Editorial Team

Indian Institute of Technology Madras Researchers are studying the impact of Algorithmic Traders (ATs) on the stock market. This research is the first-of-its-kind to investigate the impact of Proprietary Algorithmic Traders’ (PATs’) and Buy-side Algorithmic Traders’ (BATs)’ trading on market quality and vice versa.

This has significant welfare implications for the securities market as in Algorithmic Trading, computer programs trade faster than human traders. The Research focused on processes that happen when computer programs predict market order flow and take over the trading process.

The research on Algorithmic Traders has just started to emerge. Some of the literature that favours ATs suggests that they offer better prices through lower-order placement costs and update quotes faster. However, other studies suggest that Algorithmic Traders create a ‘barrier to entry’ situation for human traders, which deteriorates the market quality significantly.

This research was led by Prof. P. Krishna Prasanna, Department of Management Studies, IIT Madras and Ms. Devika Arumugam, Fulbright Fellow and a PhD Scholar, Department of Management Studies, IIT Madras. It examined the impact of ATs on the National Stock Exchange (NSE). The findings were published in the reputed peer-reviewed journal Applied Economics, Taylor and Francis.

Elaborating on the importance of this research, Prof. P. Krishna Prasanna, Department of Management Studies, IIT Madras, said, “Existing studies consider ATs as a homogenous group, which is far from reality. ATs use different algorithms based on their source of funds. So, they are classified into two categories – (1) Proprietary Algorithmic Traders (PATs) and (2)Buy-side Algorithmic Traders (BATs).”

Further, Prof. P. Krishna Prasanna said, “The crucial difference between the two is, Proprietary Algorithmic Traders or PATs trade with their own funds, and their algorithms are arbitrage seeking, while Buy-side Algorithmic Traders or BATs trade with their clients’ funds and their algorithms are predominantly cost reduction seeking.”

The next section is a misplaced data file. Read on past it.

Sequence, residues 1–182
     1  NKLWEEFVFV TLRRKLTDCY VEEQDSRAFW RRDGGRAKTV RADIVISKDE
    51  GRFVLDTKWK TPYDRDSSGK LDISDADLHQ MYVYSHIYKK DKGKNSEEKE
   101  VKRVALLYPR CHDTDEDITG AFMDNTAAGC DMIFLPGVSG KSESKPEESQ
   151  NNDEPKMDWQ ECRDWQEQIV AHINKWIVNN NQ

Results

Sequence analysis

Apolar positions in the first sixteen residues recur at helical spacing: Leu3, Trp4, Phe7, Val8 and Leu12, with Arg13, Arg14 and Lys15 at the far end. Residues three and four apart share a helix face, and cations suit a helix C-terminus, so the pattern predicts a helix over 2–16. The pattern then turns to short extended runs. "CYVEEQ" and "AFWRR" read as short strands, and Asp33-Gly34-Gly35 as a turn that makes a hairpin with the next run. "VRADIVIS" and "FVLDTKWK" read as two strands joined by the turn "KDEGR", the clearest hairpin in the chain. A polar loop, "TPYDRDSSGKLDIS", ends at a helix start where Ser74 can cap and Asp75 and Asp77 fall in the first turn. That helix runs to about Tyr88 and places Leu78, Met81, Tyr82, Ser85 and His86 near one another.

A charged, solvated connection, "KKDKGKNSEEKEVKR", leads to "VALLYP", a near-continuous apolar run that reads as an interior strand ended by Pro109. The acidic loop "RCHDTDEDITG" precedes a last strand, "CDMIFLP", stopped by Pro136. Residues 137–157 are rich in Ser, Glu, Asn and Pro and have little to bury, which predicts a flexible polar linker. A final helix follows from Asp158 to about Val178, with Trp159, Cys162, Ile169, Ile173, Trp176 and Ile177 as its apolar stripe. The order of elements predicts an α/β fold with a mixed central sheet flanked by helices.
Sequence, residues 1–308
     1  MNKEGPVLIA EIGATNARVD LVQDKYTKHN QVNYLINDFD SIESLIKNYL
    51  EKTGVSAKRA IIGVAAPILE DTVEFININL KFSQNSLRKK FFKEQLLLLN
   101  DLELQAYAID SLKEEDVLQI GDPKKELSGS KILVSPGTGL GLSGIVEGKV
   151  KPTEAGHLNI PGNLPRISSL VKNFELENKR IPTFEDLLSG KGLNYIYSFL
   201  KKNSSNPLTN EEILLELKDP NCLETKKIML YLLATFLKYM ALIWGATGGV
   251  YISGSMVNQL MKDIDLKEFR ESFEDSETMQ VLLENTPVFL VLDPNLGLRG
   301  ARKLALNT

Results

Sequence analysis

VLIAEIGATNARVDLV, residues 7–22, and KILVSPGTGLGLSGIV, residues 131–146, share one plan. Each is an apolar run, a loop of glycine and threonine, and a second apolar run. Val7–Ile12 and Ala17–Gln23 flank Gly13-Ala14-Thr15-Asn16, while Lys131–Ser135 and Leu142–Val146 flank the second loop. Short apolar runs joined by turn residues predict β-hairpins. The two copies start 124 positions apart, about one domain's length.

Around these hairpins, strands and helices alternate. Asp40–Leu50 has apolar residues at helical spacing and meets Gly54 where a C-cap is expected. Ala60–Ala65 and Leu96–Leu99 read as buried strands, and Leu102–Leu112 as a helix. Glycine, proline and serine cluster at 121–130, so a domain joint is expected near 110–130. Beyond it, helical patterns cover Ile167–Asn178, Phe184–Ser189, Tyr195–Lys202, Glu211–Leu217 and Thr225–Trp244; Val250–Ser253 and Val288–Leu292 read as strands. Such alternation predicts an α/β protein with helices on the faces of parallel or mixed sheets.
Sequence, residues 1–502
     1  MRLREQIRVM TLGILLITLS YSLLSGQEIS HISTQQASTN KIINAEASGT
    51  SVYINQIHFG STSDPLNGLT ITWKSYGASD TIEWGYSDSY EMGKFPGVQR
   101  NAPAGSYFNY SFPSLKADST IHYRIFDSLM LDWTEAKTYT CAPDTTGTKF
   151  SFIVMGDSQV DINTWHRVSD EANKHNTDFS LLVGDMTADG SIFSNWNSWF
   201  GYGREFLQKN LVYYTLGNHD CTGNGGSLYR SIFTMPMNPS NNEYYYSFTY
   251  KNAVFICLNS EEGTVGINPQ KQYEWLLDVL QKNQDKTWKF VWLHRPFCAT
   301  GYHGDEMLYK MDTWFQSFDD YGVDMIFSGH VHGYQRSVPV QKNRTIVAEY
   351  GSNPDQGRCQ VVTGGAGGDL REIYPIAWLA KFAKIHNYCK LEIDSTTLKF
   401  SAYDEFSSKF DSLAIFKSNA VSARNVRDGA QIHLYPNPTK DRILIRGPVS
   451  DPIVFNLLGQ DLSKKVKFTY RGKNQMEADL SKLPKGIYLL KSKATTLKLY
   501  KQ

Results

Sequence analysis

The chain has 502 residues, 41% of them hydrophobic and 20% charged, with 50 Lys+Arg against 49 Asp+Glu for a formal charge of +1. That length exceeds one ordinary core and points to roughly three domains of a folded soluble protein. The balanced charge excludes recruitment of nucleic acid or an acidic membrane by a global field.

The Key Learnings and Outcomes from this Research include:

Ø PATs and BATs trade differently and have a differential impact on the market quality.

Ø PATs’ cancellation increases the quoted spread, while BATs’ order placement reduces the same.

Ø BATs’ crowd out PATs’ orders, but not vice versa.

Highlighting the implications of this research for Trading, Ms. Devika Arumugam, Ph.D. scholar and Fulbright Fellow, Department of Management Studies, IIT Madras, said, “These new findings have substantial financial and regulatory implications. Traders and regulators stand to gain from the market quality enhancing capabilities of BATs.”

Also, as PATs and BATs trade differently, they have a differential impact on the market quality. PATs’ cancellation significantly increases the quoted spread, while BATs’ order placement reduces the same. The Researchers also examined whether PATs and BATs exhibit a “hide-and-seek” behaviour and find that BATs’ crowd out PATs’ orders but not vice versa.

However, selective regulation of PATs’ strategies is necessary. As BATs crowd out PATs, it suggests that the rivalry among ATs can counteract any market imbalances created by price distorting and aggressive algorithmic strategies, thereby enhancing the price efficiency. These results are primarily based on ATs’ order placement and cancellation activity in the market.

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